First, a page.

The Christian life is hard as Paul notes in this passage to the Romans. But it is the life that God is calling us to live. It is a life of active love, joy in hardship, compassion, forgiveness, humility and peace keeping. These words are not easy, for I know I could not bless my enemies without the help of God. Nor do I find it easy to rejoice when I am sad or mourn when I am happy. I don’t do a good job about living in harmony with my neighbor, I am often proud and I prefer to avoid those who are different than I. Sometimes I am conceited. But then aren’t we all these things sometimes? This is why Christ died, so that by His grace we are forgiven and reconciled to God and one another, so that tomorrow we can try again.
Paul tells us what it means to take up our cross. It means to love genuinely. The cross calls us to do what is right not for the reward it will bring but rather because love demands it. Love often demands what is hard. We are to rejoice in hope – not hope in the glory but rather the hope that comes from the cross. How many of us really want to be patient in suffering or persevere in prayer when it appears God is unwilling to answer our way? Paul's words get even harder. How do we bless our enemy? Is it really possible to be humble in this world of ours? What if, like Jonah, we know God will not avenge us but will seek our enemy's repentance? How can we let go and treat our persecutors as if they deserved our compassion and mercy? How can we let Christ die for the sake of all human flesh when most people will never deserve His grace?
We do so by picking up our cross and following Jesus. We do so by laying down our lives for the sake of His Gospel and speaking God's Word into the lives of all whether we want them to be saved or not. We trust in God by humbling ourselves before His throne of grace realizing that we ourselves have no reason to expect His incredible blessings on our lives. Sometimes the blessings will come through pain. Sometimes they will come in joy. Through it all, we are called to speak what is precious, the message of the cross that brings true life to those who believe. We will not see the glory in this flesh, but we will live in the assurance that God is always faithful to His promise and we walk in the hope that eternal life is ours today even while today might seem out of control.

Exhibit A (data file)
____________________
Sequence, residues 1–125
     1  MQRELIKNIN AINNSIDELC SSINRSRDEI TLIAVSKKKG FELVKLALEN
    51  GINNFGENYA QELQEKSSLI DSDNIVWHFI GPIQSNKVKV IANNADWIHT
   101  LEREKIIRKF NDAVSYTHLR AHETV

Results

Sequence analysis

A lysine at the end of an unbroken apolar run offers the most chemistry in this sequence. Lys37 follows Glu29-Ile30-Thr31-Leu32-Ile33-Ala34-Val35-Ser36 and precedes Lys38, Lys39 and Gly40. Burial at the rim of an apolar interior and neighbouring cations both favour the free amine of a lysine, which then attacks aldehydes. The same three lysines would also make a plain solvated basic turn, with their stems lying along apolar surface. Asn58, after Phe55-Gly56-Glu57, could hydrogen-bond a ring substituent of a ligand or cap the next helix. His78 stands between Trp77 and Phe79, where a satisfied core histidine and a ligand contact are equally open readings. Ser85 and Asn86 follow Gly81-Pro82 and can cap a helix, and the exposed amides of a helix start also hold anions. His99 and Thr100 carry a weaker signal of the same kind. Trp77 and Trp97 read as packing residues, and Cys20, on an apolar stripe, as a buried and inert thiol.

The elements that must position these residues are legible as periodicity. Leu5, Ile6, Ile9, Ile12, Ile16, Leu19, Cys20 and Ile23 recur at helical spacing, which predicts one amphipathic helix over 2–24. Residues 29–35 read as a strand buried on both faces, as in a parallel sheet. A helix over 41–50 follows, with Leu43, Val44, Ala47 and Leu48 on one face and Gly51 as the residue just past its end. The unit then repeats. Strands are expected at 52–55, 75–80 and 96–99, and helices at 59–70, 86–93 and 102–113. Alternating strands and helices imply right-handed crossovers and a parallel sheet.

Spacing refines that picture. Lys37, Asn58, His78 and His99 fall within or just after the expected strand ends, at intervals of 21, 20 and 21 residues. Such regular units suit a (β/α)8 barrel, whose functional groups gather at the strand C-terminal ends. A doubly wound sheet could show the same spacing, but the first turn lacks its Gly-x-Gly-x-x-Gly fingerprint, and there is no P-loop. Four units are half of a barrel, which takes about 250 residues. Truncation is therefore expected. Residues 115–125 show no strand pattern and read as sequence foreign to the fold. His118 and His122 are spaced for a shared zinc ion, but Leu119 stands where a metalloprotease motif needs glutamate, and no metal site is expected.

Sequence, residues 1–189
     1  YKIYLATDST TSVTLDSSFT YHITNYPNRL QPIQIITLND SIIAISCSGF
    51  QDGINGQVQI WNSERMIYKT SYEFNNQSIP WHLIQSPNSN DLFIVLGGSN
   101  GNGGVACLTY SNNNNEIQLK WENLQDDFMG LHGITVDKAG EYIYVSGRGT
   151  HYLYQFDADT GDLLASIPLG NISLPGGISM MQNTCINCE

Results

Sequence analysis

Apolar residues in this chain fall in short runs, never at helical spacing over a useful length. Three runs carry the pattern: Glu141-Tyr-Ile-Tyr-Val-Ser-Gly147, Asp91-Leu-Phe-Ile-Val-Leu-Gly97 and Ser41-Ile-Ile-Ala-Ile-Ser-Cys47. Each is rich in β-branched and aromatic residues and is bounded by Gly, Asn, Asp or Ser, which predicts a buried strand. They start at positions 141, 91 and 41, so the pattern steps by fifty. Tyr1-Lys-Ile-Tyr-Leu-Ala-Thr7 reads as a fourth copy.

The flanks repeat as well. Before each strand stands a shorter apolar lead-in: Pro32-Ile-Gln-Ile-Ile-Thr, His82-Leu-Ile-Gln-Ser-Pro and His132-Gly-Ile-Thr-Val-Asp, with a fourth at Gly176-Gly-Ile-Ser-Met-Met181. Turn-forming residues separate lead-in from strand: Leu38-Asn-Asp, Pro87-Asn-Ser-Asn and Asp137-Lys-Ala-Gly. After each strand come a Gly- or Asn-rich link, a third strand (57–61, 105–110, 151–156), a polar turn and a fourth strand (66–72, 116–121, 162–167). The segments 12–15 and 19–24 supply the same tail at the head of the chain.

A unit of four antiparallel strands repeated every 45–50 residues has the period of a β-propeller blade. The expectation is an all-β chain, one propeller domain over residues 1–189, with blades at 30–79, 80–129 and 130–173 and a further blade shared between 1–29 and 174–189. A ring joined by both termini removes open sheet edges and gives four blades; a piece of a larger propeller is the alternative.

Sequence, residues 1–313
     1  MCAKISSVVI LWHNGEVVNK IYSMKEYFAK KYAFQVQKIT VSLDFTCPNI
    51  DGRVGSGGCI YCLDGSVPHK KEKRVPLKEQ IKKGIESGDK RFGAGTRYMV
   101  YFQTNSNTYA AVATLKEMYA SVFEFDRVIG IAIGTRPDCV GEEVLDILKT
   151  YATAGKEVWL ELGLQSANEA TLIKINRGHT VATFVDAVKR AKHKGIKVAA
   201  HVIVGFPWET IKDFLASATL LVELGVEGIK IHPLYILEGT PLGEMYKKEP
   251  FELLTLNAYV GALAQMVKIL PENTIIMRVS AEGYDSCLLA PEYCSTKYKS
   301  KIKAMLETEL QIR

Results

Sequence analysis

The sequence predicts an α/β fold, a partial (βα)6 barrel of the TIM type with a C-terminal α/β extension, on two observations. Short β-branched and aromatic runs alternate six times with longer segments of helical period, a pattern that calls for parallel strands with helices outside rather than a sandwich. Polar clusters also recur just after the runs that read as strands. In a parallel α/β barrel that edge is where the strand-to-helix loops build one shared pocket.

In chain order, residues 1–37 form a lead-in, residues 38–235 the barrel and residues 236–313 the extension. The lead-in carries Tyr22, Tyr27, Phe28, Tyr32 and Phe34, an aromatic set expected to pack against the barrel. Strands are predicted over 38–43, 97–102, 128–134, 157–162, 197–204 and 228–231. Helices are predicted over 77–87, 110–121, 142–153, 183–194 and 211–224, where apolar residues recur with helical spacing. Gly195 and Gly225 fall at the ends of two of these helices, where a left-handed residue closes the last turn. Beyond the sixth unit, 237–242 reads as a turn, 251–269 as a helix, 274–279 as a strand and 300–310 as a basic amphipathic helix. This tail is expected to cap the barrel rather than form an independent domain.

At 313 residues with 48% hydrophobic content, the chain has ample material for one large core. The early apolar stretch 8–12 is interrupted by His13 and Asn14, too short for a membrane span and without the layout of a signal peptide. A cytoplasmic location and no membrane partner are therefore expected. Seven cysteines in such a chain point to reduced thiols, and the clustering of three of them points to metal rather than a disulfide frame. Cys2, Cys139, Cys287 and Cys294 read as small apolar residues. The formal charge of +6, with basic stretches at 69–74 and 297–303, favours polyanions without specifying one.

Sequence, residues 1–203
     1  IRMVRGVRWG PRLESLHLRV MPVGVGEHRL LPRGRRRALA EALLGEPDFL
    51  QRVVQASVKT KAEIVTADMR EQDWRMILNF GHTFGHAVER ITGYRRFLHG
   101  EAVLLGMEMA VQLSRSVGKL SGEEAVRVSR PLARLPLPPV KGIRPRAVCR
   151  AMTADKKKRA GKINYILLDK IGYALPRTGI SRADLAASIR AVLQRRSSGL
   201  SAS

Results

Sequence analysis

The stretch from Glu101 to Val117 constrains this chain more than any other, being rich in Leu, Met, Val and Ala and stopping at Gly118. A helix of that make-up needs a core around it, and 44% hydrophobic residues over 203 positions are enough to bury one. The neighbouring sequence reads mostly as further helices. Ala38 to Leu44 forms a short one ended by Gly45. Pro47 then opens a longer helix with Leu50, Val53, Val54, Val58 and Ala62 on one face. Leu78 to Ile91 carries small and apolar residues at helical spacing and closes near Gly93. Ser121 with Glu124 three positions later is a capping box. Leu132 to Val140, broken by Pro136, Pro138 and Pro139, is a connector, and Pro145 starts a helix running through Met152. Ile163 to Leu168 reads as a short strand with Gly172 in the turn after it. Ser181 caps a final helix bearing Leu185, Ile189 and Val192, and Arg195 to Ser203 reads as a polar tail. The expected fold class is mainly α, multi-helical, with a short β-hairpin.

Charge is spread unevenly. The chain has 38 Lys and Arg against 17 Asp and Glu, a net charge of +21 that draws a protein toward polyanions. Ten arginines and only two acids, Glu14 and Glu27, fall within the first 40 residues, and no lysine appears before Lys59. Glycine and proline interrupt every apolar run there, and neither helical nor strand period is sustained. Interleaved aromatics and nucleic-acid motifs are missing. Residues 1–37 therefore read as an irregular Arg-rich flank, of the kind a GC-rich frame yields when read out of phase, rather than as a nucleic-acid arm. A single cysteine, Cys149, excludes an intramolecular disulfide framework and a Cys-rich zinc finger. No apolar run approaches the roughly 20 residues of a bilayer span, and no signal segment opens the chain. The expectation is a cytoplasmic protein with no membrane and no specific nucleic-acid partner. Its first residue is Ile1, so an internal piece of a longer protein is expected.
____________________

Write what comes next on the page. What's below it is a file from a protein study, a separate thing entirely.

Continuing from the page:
Satan is going to whisper in our ear. The world is going to give us temptations that we just don’t want to refuse. We will want to follow our hearts even when we know that they are leading us down the wrong path. Like Peter, we’re going to tell God what we think He should do. Like Jeremiah we will complain when things don’t go our way. We’re human. We fail.
Jesus says, “Pick up your cross and follow me.” He’s not calling us into a life of suffering and pain or even death. He is calling us to reject the whispers of Satan and the temptations that threaten to lead us astray, to focus on God and to be obedient to Him. That’s what Jesus did, despite all the opportunities to follow a different path, Jesus went to the cross for our sake. He was tempted by Satan, by Peter and even by His own heart in the garden on the Mount of Olives, but in the end He did exactly what God sent Him to do: to die on the cross.
Our cross will never save the world, but as we die to self we will discover the incredible blessing of being raised to new life in Christ. That new life will not always be pleasant; as a matter of fact, we are more likely to see persecution as we are obedient to God. But the new life to which we are raised is one that will last forever even if we suffer death at the hands of our enemies. We need not fear Satan, the world or our own hearts. Let’s just keep our eyes on Jesus and though we lose our lives we can rest in the promise that Jesus has already saved it.
A WORD FOR TODAY